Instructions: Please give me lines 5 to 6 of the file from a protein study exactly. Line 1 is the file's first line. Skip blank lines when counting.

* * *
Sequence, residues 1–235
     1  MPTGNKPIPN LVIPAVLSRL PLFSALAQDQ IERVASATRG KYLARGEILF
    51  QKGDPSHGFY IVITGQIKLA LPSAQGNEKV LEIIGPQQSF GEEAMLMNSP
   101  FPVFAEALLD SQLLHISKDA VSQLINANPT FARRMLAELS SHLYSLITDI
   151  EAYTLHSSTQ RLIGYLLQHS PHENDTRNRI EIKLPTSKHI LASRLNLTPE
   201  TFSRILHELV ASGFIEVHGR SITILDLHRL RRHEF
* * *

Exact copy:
   151  EAYTLHSSTQ RLIGYLLQHS PHENDTRNRI EIKLPTSKHI LASRLNLTPE
   201  TFSRILHELV ASGFIEVHGR SITILDLHRL RRHEF